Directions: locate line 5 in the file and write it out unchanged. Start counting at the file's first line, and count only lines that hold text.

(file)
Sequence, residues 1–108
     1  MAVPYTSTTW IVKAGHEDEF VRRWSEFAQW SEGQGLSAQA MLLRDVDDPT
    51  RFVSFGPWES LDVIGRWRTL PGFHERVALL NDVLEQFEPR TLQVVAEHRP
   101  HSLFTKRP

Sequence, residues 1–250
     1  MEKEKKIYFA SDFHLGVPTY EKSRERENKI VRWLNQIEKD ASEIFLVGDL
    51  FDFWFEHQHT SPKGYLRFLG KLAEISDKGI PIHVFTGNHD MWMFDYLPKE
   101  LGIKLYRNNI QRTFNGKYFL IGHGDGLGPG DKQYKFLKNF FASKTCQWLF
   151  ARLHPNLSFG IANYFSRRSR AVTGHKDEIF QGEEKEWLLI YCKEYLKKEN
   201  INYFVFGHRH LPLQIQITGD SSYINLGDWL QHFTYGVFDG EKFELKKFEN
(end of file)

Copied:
Sequence, residues 1–250